Portal to the Lesser White-fronted Goose

- by the Fennoscandian Lesser White-fronted Goose project

Literature type: Report

Language: Norwegian In norwegian with english abstract

External Link:


Full reference: Kvalnes, T., Follestad, A., Krange, O. & Tombre, I.M. 2023. Evaluering av norsk handlingsplan for dverggås. [Evaluation of the Norwegian action plan for the Lesser White-fronted Goose.] , NINA Rapport 2349. Norsk institutt for naturforskning.

Keywords: dverggås, national action plan, Norway, priority species, conservation actions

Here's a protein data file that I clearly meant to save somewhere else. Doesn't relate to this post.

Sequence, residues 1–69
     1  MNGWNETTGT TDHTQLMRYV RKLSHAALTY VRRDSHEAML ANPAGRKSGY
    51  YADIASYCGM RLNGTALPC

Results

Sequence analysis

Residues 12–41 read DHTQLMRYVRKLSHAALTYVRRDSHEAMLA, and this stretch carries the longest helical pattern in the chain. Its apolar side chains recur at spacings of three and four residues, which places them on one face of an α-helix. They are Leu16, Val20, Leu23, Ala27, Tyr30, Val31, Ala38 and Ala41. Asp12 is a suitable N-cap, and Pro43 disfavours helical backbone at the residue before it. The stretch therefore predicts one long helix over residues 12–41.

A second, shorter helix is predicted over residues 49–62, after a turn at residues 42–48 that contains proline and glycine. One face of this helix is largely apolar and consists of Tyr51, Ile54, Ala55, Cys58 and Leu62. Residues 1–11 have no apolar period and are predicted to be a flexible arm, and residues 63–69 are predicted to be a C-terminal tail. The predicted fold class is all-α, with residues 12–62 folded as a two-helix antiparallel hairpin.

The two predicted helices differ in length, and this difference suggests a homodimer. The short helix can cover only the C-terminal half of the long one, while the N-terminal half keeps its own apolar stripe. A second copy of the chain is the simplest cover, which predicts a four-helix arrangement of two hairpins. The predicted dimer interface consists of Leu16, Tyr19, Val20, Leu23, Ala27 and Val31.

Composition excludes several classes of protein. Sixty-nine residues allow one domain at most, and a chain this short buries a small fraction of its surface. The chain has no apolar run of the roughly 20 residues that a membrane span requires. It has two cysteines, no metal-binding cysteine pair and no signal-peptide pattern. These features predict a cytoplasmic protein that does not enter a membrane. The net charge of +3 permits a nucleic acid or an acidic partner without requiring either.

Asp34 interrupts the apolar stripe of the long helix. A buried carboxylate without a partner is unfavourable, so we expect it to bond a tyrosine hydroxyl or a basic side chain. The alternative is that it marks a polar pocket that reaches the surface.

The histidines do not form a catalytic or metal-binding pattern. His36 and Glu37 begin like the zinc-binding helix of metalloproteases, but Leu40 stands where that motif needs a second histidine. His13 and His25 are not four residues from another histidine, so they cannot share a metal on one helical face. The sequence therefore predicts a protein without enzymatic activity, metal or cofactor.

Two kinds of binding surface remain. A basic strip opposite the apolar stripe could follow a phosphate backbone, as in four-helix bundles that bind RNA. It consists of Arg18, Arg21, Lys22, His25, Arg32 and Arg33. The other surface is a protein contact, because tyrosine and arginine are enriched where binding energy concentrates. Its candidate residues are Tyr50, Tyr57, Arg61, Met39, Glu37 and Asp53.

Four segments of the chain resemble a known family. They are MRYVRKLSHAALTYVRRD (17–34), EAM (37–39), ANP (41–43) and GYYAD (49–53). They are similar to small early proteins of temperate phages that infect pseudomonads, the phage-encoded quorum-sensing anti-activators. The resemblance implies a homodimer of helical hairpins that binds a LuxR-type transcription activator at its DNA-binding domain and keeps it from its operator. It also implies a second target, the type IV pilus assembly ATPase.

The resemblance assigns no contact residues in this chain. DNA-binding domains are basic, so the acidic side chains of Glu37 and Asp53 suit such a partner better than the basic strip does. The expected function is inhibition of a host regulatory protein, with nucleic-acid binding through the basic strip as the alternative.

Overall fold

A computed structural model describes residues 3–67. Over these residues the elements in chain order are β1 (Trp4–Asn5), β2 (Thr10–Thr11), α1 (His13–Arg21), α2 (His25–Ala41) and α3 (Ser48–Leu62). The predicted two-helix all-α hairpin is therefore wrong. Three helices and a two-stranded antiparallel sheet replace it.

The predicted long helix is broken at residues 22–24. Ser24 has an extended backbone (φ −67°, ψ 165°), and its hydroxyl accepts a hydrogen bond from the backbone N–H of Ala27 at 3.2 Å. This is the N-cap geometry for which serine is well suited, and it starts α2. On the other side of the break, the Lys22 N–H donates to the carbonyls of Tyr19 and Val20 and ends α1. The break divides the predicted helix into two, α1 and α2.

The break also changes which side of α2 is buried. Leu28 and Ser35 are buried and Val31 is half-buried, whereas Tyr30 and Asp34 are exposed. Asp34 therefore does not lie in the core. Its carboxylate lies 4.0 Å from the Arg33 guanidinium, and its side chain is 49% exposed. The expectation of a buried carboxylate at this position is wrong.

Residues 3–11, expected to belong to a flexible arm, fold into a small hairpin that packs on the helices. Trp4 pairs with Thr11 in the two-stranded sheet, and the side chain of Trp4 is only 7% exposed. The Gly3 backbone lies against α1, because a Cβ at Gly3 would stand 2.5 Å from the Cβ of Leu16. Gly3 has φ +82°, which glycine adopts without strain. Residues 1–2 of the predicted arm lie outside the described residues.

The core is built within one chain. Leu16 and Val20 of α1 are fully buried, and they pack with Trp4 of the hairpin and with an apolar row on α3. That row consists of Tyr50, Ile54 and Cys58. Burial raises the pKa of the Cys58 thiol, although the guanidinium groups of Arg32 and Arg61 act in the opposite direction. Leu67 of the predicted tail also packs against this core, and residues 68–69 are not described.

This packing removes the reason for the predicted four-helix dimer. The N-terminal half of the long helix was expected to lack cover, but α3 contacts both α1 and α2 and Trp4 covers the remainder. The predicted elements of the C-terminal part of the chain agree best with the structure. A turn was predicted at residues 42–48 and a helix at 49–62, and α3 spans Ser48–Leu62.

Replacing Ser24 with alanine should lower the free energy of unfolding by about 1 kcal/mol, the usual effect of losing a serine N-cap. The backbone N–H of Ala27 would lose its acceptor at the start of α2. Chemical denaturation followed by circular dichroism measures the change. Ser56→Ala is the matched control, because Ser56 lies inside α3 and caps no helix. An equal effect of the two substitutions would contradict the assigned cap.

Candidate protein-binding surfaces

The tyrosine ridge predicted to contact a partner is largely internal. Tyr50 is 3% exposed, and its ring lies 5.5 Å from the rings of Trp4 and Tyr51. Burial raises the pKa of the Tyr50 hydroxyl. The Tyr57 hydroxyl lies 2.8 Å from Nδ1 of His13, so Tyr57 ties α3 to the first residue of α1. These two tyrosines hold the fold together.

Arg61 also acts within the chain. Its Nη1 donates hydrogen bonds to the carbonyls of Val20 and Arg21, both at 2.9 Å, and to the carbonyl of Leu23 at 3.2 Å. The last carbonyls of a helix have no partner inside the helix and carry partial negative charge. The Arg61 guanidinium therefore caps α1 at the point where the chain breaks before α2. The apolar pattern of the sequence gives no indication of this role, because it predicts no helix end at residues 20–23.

The lesser white-fronted goose (Anser erythropus) is a critically endangered species in Norway. Due to a rapid decline in population size since the 1940s the population is now at very low numbers. In the previous three generations, the population has several times consisted of less than 50 reproducing individuals. In addition, the Norwegian breeding population constitutes almost the entire remaining Fennoscandian population of the species. Because of this situation, the lesser white-fronted goose is classified as a priority species with its own regulations in Norway. BirdLife Norway (formerly the Norwegian Ornithological Association) has since 1985 monitored the species annually in Finnmark, northern Norway. Geese have been individually ringed with neck-bands and leg rings, including GPS-loggers, which have identified migration routes from Norway to their wintering areas in Greece. Commissioned by the Norwegian Environment Agency, NINA has conducted an overall evaluation of the implementation of the Norwegian action plan for the lesser white-fronted goose which was launched in 2009. The aims of this evaluation has been 1) to evaluate the achievements of the management goals, 2) to evaluate whether knowledge from the monitoring is organized and disseminated appropriately for practical use, 3) to evaluate how the financial structures and conservation measures have been organised, and 4) to provide input for further knowledge acquisition and implementation of actions. The evaluation was based on relevant published results, such as reports from BirdLife Norway, scientific articles, and other information developed in the project. Informants from various relevant stakeholder groups and end-users have been interviewed. Additionally, a so-called red to green method was applied to evaluate the need for future knowledge needs and management actions. Stopping the ongoing population decline by 2015 and a long-term increase of the population size to a target of 1000 individuals, were the main objectives of the action plan. The second objective has not yet been achieved. However, the earlier population decline has been stopped and the population have displayed a slight positive growth rate. Thus, that the first objective has been achieved. In our evaluation, the change in population growth rate is considered to be an effect of the overall measures which have been made to preserve the species. A revision of the action plan is recommended. New achievable objectives for population size should be implemented as steps on the way towards a viable population size. The red list criteria can be used to define objectives and aid the choice of measures. To reduce adult mortality and increase the reproductive success, several conservation measures have been implemented. No entry zones have been established at important staging sites, such as Valdakmyra in Porsanger municipality and Rørholmen in Alta municipality. Annual culling of red foxes (Vulpes vulpes) in and around the breeding area have been carried out to reduce egg and gosling predation. Bans on hunting for greylag geese (Anser anser) have been imposed in large parts of Finnmark to prevent accidental harvest of lesser white-fronted geese. Extensive international cooperation with Finland, Russia and other countries has been important. Cooperations have included efforts to monitor, reduce illegal hunting and secure important functional sites along the migration routes and in the wintering sites. The conservation measures are in general met with support from the informants. They express that most people are concerned with the conservation of the lesser white-fronted goose. Staff in nature management and at museums use the knowledge generated by the monitoring and various research projects to a large extent. However, there is a lack of knowledge about the conservation efforts among other users of the areas where staging and breeding sites for the lesser white-fronted goose are found. We also observed a need for more accessible dissemination of the knowledge which is generated. Some of the informants expressed that several stakeholders do not agree with the ban on hunting of greylag geese in local areas. The established boundaries for where the hunting ban should apply are especially considered problematic. Several stake-holders also claimed that hunter skills are underrated when the underlying assumption for this ban is that it is difficult for hunters to distinguish lesser white-fronted geese from greylag geese during the hunt. This evaluation recommends that also farmers and hunters are included in the dialogue involved in the management of the lesser white-fronted goose. Enhancing communication will facilitate discussions on potential changes that can be implemented to meet their needs while at the same time mitigating the risk of harming the geese. A discussion on adjusting the boarders of the hunting ban should be part of such a dialogue. Our evaluation indicates that much of the conservation effort carried out has been important and should be prolonged in the years ahead. In addition, some new objectives for the species and conservation measures are suggested. However, the lesser white-fronted goose has a long migration route across many countries. Thus, there is a limit to what can be achieved with unilateral national efforts in Norway. To ensure a high probability of success, it will be extremely important that international efforts are also prioritized. Moreover, the evaluation reveals some knowledge gaps that will be important to fill such that more precise conservation measures can be implemented and the effect of measures, such as red fox removal, can be evaluated in more detail. Internationally, it is particularly important to secure stop-over and wintering sites against illegal hunting, degradation and disturbance. Continued monitoring during wintering, along the migration route and at staging sites in Norway is essential to assess the effects of the conservation measures. Based on information from the interviews, it should also be considered whether a dialogue group should be established. With joint meetings among the representatives from nature management, participants in the conservation measures and other affected stakeholders. A forum is likely to improve communication, allow for exchange of experience and knowledge, and contribute to an increased understanding and acceptance of the conservation measures. Hence, it can contribute to achieving the management goals.